Last Week, some of the members of LUG4/2 had the privilege getting together and doing a pre-release review for the 2014 Modular, ‘Parisian restaurant’.
Before we get started, here is a quick time-lapse video of the build:
And you can see the rest of the photos here
Now, on to the review!
Overall, everyone was very impressed by the set, with the most noticeable factor being the attention to detail. As example, Personally, I was blown away by a 1×1 light blue brick, which was printed as a ‘milk’ container. This milk container is inside an opening fridge, inside the kitchen, which is just one part of the 1st floor, the restaurant. There are a large number of little things that really make this build beautiful. I also love the stylizing of the roof – the texture and part usage gives some very nice effects that can’t quite be caught with the camera. Centuri also noted the design of the roof was fantastic, and wanted to echo the level of detail inside was unlike any other sets so far. No doubt the thought gone into the set is huge!
Just shy of 2500 parts, it’s not bad value for money, and you get a good range of new parts and colors that aren’t otherwise widely available. I can’t speak for the entire build as I only did about 1/8th of it, but the impression I got was that nothing was too repetitive or tedious (With the exception of the kitchen floor, but that was necessary, really). It seemed to have great variety of clever techniques, and there are a couple of clever Easter eggs that I won’t spoil for you too much.
Overall rating? Well, here were my thoughts:
Architecture Design: 9/10. Overall, it’s very nice. The building is really fantastic, and it will effortlessly fit in with the rest of the modular lineup – though you might want to make sure it doesn’t show them all up! The only slight hesitance from the 10 for me was the use of olive green. I know many won’t agree on this, but I found the colour slightly off next to the beautiful Dark Blue roof.
Parts: 8/10. A good range of parts in a great range of colours, would no doubt come in handy for all MOCers.
Build: 8/10. Again, I didn’t build the entire set, but I got the impression everyone enjoyed the build and was impressed an multiple stages through their section. No doubt building the whole thing would make a great evening plan when you need a night off!
Price: 9/10. At a retail of $300, it’s not bad at all. If your patient, you can usually pick modulars up 20% off which would even bring it below 10c per part. As far as parts go, this is the second biggest modular (with the first being the Town hall which is only 300 parts more and cost an extra $60…).
Overall, I gave the set a 8.5 out of 10. Very well designed and such fantastic ideas for little details.
The set will retail for $299.99 in New Zealand, and is released on January 1st, 2014. But it may be up to another few months after that before it reaches New Zealand shops.
Ivan Mackintosh who was also part of the build did another great little review I’ve put below – Warning, it could be seen to include spoilers about the build!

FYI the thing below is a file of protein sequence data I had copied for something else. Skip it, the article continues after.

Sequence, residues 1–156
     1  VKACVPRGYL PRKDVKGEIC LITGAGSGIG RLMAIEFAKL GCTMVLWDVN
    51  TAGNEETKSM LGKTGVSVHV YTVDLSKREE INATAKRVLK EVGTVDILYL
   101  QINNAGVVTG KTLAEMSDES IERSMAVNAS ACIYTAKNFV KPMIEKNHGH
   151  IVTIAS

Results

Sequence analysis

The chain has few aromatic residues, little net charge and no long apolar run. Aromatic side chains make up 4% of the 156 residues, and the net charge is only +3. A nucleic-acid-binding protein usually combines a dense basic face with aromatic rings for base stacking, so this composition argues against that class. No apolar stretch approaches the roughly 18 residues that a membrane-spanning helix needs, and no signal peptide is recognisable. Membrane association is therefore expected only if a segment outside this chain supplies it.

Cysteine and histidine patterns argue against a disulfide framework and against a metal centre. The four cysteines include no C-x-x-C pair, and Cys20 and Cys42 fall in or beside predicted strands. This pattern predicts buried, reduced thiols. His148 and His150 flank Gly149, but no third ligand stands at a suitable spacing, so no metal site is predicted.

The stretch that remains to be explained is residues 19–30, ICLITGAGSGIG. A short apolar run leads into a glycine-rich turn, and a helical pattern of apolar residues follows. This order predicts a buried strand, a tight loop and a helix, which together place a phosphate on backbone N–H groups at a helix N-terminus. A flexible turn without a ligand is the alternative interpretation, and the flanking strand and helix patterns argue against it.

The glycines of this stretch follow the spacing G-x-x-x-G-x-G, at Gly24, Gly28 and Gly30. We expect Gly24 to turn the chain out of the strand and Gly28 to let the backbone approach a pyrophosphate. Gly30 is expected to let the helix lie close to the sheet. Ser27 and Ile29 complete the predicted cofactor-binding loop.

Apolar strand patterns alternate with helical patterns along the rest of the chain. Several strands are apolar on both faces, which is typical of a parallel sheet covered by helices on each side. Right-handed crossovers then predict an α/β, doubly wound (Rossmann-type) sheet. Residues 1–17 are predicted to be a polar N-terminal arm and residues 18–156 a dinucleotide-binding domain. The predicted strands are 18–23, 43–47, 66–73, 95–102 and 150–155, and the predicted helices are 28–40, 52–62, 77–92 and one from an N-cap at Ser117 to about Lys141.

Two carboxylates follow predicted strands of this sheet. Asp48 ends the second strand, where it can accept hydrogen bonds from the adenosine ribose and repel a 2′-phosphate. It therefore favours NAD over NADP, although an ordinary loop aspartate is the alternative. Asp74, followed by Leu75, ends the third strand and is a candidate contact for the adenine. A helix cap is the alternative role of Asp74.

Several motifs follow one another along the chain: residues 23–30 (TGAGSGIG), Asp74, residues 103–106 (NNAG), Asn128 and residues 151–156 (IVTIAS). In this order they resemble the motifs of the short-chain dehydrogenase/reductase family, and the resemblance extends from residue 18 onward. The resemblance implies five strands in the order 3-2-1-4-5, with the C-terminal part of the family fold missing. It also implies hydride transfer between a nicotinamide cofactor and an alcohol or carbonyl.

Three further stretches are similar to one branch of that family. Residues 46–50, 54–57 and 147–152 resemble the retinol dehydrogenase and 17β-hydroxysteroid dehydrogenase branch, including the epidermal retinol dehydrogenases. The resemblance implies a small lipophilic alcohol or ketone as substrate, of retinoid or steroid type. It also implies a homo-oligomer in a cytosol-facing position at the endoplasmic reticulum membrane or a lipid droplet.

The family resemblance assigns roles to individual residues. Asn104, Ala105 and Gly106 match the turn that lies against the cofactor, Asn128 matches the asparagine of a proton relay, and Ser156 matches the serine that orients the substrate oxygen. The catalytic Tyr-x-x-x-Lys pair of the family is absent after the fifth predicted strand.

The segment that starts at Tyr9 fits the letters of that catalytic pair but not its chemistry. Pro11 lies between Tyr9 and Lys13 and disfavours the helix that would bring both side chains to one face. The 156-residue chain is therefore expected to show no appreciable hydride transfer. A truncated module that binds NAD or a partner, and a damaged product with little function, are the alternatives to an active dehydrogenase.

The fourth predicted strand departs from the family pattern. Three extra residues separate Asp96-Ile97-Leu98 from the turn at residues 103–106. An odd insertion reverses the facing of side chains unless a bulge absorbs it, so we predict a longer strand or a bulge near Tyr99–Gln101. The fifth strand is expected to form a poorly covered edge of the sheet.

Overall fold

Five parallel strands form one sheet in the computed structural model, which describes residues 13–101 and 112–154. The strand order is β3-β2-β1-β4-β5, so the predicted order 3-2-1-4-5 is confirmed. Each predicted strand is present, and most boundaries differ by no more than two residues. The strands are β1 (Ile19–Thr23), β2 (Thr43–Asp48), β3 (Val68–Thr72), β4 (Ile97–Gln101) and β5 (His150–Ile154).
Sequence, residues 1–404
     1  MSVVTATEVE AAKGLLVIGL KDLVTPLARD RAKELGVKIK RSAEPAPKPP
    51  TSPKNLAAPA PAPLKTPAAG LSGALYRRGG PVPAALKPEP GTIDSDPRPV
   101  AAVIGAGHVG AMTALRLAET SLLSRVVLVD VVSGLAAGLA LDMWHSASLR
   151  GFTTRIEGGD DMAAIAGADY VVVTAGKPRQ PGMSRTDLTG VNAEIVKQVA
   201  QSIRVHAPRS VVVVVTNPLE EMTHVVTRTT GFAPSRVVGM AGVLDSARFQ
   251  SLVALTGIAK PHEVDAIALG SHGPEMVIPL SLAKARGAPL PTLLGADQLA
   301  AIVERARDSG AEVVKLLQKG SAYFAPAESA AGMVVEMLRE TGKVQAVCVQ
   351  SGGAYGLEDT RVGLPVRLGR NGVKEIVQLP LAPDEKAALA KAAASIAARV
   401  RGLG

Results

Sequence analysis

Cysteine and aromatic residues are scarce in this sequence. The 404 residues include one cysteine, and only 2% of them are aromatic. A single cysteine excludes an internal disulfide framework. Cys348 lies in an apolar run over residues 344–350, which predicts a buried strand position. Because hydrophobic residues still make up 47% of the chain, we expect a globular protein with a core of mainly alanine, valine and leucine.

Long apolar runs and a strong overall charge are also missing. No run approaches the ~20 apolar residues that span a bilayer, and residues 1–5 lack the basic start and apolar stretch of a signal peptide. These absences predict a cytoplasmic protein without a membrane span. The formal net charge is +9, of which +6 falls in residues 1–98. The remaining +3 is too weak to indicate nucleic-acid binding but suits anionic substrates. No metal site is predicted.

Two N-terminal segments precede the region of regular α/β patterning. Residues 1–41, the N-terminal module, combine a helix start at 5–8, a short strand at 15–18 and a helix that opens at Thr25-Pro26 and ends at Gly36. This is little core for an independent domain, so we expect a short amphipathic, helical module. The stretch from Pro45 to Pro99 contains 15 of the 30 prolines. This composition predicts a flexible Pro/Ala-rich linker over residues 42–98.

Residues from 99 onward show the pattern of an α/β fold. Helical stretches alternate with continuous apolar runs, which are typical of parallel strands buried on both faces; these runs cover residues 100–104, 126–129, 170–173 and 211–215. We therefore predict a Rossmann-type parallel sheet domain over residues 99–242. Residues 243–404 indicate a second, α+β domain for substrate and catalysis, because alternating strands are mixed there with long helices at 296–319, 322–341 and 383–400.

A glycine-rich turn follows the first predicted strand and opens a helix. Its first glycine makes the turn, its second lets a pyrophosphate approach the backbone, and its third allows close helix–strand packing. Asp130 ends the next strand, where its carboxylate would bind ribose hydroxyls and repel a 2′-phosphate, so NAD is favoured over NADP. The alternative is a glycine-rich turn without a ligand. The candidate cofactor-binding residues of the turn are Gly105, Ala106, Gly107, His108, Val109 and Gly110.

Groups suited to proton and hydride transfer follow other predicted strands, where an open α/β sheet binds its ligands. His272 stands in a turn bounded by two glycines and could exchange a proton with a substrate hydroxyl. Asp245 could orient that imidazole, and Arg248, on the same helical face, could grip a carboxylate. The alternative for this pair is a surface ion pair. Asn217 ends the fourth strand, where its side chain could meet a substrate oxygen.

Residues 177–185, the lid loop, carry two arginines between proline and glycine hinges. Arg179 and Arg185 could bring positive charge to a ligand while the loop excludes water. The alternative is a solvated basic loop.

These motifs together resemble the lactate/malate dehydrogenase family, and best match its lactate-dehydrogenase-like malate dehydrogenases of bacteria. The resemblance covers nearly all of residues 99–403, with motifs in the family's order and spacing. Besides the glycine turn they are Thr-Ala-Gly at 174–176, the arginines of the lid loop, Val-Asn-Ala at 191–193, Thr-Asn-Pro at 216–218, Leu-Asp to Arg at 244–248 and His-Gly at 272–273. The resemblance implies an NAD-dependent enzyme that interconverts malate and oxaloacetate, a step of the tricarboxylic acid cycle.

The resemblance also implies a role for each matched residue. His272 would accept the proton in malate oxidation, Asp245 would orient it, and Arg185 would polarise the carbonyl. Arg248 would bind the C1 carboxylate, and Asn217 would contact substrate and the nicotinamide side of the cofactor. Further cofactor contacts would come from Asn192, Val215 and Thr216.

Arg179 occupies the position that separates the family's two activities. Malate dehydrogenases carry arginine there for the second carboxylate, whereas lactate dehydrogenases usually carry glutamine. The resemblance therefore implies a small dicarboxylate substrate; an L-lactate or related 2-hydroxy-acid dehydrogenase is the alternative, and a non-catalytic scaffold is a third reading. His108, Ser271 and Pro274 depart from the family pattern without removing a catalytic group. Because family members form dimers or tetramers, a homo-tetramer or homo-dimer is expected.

10243 Parisian Restaurant
As we’ve come to expect with the Modular building series the Parisian Restaurant packaging box is really well illustrated. It shows off the building to its best and highlights a few of its many features using comic scenes with the minifigures. It also depicts how it could fit in to the street with the previous buildings – the Palace Cinema and the Town Hall.
It isn’t the largest building on the street but the part count (around 2500) is certainly up there. This is due to the incredible amount of detail that that has gone in to this building both inside and out. In contrast to the Palace Cinema where the interior was sparse, this model has so much detail inside that your eyes don’t know where to look first! In fact there is so much detail that you will only see some of it during the build process. For instance the mosaic front patio spells “Chez” (part of the restaurant name Chez Albert) but that is then hidden under the tables, chairs, plants, railings etc. The fridge in the kitchen contains a custom printed brick that is used for creating a milk carton and then the fridge door is closed.
Talking of custom printed bricks, this set does not contain a sticker sheet – yay! Instead we are treated to custom printed bricks and tiles. New printed bricks include the menu, the restaurant signage, the milk carton and a few standard ones such as wall pictures and the obligatory clock.
Some new pieces have been introduced these include a useful 2×2 round tile with a hole in the middle. This is used for mounting bricks upside down, such as next to the kitchen sink, where it allows a stack of 2×2 inverted radar dishes to look like plates. Another new part is 2×2 bowl that gets used as a both a planter and inverted as a lampshade. Although for me the coolest new part had to be the awesome scooter!
This set demonstrates plenty of new building techniques and ideas for putting bricks together in interesting and different ways that make this set a clear must-have for any modular fan. In fact, our build-group had some non-modular fans that will probably now become converts!
I rate the Parisian Restaurant a 10/10.
For another great (perhaps quite a lot more in depth) review, check out brickset!